Epilepsy is a common condition that affects the brain and causes frequent seizures.
Seizures are bursts of electrical activity in the brain that temporarily affect how it works. They can cause a wide range of symptoms.
Epilepsy can start at any age, but usually starts either in childhood or in people over 60. It's often lifelong, but can sometimes get slowly better over time.
Symptoms of Epilepsy
The main symptom of epilepsy is repeated seizures. These are sudden bursts of electrical activity in the brain that temporarily affect how it works.
Seizures can affect people in different ways, depending on which part of the brain is involved.
Some seizures cause the body to jerk and shake (a "fit"), while others cause problems like loss of awareness or unusual sensations. They typically pass in a few seconds or minutes.
Seizures can occur when you're awake or asleep. Sometimes they can be triggered by something, such as feeling very tired.
Types of seizures
Simple partial (focal) seizures or 'auras'
A simple partial seizure can cause:
- a general strange feeling that's hard to describe
- a "rising" feeling in your tummy – like the sensation in your stomach when on a fairground ride
- a feeling that events have happened before (déjà vu)
- unusual smells or tastes
- tingling in your arms and legs
- an intense feeling of fear or joy
- stiffness or twitching in part of your body, such as an arm or hand
You remain awake and aware while this happens.
These seizures are sometimes known as "warnings" or "auras" because they can be a sign that another type of seizure is about to happen.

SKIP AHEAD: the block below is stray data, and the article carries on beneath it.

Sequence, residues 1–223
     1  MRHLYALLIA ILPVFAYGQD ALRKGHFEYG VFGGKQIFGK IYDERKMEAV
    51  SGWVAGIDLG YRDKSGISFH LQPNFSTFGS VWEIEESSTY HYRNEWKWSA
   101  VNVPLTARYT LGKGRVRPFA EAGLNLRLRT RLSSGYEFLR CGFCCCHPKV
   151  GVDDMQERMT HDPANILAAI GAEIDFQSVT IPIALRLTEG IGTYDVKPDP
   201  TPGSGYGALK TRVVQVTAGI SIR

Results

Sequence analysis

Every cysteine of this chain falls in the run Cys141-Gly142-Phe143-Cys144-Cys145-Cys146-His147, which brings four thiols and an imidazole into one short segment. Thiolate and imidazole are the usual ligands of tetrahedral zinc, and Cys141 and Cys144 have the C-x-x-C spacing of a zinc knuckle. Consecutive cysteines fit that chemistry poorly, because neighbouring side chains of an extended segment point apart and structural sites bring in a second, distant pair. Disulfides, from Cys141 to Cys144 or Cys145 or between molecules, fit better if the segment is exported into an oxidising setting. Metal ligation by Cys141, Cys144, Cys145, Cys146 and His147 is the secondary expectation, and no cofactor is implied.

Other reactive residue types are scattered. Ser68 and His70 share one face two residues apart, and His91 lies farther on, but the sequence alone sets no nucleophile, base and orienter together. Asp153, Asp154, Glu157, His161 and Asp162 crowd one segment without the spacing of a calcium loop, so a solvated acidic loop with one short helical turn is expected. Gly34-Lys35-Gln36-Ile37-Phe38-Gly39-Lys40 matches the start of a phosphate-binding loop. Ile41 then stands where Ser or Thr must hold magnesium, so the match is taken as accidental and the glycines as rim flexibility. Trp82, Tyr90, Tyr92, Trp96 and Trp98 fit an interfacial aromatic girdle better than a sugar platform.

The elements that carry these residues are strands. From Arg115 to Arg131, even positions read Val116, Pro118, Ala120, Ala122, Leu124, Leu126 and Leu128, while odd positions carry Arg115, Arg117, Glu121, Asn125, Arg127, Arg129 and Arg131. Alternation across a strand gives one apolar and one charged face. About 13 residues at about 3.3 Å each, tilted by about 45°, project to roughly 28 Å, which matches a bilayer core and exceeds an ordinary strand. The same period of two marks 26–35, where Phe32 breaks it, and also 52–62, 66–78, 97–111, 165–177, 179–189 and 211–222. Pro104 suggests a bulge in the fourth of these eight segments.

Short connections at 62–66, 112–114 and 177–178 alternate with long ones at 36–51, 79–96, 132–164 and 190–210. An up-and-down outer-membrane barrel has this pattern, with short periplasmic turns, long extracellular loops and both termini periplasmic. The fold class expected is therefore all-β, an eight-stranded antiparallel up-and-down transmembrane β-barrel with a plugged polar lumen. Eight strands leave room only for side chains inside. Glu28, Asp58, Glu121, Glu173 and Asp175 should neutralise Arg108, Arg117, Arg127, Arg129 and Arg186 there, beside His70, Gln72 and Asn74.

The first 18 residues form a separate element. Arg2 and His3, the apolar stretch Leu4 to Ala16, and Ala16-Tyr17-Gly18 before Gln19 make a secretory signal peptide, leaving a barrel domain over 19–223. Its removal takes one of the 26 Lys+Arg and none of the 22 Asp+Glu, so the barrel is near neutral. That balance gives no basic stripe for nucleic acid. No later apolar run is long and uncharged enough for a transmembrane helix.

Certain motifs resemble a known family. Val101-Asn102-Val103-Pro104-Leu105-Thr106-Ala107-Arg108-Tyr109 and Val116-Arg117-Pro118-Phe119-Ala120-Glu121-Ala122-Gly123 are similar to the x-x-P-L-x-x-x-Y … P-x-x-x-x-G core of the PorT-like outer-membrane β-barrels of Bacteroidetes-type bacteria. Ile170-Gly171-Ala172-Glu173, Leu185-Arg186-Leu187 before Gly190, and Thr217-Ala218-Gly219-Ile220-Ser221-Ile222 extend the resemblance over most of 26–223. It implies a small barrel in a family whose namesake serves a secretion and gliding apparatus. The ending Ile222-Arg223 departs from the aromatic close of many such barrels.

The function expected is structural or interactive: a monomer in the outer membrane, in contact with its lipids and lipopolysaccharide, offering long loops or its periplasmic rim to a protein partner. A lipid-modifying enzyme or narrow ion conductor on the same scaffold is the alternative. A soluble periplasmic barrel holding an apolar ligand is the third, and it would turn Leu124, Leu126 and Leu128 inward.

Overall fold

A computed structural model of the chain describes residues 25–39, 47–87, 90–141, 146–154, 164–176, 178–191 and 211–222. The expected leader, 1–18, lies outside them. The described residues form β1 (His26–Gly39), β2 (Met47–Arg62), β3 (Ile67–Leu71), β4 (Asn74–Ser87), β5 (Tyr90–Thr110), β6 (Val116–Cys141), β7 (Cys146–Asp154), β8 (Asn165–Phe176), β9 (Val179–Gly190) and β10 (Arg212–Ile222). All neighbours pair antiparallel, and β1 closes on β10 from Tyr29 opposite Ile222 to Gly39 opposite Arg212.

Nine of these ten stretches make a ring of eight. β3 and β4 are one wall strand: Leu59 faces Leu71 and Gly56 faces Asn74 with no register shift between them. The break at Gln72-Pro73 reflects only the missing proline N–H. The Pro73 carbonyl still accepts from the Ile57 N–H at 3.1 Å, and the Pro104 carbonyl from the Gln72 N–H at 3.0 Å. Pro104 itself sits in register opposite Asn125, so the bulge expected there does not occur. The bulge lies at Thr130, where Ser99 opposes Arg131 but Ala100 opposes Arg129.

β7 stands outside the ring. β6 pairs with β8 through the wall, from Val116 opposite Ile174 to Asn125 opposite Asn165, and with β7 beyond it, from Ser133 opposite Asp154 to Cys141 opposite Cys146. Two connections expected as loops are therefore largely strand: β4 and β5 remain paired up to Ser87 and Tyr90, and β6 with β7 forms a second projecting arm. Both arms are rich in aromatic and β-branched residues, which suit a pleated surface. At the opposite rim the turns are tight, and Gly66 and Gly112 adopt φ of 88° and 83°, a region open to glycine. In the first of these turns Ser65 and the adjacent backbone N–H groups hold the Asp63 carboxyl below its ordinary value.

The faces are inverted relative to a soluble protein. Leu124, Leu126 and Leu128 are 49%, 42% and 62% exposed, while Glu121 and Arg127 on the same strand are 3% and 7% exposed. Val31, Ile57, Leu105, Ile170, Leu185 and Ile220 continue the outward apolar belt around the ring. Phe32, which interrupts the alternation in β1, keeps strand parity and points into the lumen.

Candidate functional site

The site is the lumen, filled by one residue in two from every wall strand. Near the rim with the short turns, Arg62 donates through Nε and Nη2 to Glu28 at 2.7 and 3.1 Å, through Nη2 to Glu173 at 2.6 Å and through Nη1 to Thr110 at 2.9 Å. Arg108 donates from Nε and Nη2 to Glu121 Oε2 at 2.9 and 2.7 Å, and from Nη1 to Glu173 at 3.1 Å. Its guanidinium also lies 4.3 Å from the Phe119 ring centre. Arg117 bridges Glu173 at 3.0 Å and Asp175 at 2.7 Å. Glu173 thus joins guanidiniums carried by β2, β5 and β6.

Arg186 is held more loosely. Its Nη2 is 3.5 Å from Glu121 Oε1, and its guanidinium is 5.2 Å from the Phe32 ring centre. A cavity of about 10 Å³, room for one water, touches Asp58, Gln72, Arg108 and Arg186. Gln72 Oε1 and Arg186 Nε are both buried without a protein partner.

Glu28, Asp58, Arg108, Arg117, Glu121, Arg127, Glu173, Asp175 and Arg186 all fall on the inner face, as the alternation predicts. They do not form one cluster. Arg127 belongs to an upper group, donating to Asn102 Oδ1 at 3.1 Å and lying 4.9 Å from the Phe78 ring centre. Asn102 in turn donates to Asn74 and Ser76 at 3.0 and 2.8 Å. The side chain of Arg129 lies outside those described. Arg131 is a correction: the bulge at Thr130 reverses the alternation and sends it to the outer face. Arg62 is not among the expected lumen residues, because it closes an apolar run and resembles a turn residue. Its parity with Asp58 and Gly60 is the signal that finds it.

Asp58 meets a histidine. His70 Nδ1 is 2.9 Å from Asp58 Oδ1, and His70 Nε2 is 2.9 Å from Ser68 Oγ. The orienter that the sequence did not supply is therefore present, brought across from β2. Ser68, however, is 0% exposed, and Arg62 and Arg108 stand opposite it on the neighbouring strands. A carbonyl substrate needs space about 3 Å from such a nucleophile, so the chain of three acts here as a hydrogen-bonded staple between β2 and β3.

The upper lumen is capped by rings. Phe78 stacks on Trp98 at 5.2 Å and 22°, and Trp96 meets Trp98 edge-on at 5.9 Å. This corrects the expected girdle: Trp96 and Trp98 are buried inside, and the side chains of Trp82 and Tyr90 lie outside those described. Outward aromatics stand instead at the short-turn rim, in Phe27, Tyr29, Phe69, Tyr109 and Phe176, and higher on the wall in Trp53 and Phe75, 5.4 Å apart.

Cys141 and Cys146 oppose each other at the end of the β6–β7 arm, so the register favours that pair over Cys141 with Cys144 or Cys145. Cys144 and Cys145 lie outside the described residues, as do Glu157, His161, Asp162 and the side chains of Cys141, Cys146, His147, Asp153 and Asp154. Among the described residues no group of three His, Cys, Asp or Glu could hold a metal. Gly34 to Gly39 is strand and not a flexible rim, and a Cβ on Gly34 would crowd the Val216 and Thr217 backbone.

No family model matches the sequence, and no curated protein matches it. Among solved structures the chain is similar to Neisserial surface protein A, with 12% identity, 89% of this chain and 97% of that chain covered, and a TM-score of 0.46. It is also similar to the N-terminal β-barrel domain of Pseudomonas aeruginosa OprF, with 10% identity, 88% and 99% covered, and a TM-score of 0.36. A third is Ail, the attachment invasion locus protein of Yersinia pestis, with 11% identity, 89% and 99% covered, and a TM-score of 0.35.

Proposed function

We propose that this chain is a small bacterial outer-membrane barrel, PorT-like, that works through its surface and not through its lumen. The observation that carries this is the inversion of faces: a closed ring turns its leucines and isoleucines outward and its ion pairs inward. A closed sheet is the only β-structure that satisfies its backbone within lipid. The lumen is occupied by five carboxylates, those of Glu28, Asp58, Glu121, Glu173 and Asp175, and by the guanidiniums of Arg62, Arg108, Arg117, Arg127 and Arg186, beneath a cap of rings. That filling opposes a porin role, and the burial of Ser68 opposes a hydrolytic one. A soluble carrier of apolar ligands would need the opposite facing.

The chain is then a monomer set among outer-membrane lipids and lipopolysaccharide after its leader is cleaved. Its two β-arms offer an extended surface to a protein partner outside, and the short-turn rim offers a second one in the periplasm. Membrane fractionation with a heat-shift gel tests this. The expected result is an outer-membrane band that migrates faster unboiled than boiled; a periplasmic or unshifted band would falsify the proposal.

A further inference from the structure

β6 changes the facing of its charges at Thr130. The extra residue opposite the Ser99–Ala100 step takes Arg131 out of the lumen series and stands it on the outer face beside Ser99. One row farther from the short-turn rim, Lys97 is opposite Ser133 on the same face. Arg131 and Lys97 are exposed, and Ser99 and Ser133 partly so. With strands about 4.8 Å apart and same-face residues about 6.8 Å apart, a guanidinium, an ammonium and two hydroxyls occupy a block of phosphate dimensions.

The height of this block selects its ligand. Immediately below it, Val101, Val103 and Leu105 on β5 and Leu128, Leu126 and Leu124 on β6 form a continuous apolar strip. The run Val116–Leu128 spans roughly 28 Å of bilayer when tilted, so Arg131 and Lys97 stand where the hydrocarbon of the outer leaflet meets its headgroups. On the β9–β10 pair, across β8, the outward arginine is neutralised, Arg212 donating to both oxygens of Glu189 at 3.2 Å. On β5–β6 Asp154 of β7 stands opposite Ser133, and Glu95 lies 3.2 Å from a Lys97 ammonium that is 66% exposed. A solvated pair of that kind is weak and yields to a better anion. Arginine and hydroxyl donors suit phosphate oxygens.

Complex partial (focal) seizures
During a complex partial seizure, you lose your sense of awareness and make random body movements, such as:
- smacking your lips
- rubbing your hands
- making random noises
- moving your arms around
- picking at clothes or fiddling with objects
- chewing or swallowing
You won't be able to respond to anyone else during the seizure and you won't have any memory of it.
A tonic-clonic seizure, previously known as a "grand mal", is what most people think of as a typical epileptic fit.
They happen in two stages – an initial "tonic" stage, shortly followed by a second "clonic" stage:
- tonic stage – you lose consciousness, your body goes stiff, and you may fall to the floor
- clonic stage – your limbs jerk about, you may lose control of your bladder or bowel, you may bite your tongue or the inside of your cheek, and you might have difficulty breathing
The seizure normally stops after a few minutes, but some last longer. Afterwards, you may have a headache or difficulty remembering what happened and feel tired or confused.
An absence seizure, which used to be called a "petit mal", is where you lose awareness of your surroundings for a short time. They mainly affect children, but can happen at any age.
During an absence seizure, a person may:
- stare blankly into space
- look like they're "daydreaming"
- flutter their eyes
- make slight jerking movements of their body or limbs
The seizures usually only last up to 15 seconds and you won't be able to remember them. They can happen several times a day.
A myoclonic seizure is where some or all of your body suddenly twitches or jerks, like you've had an electric shock. They often happen soon after waking up.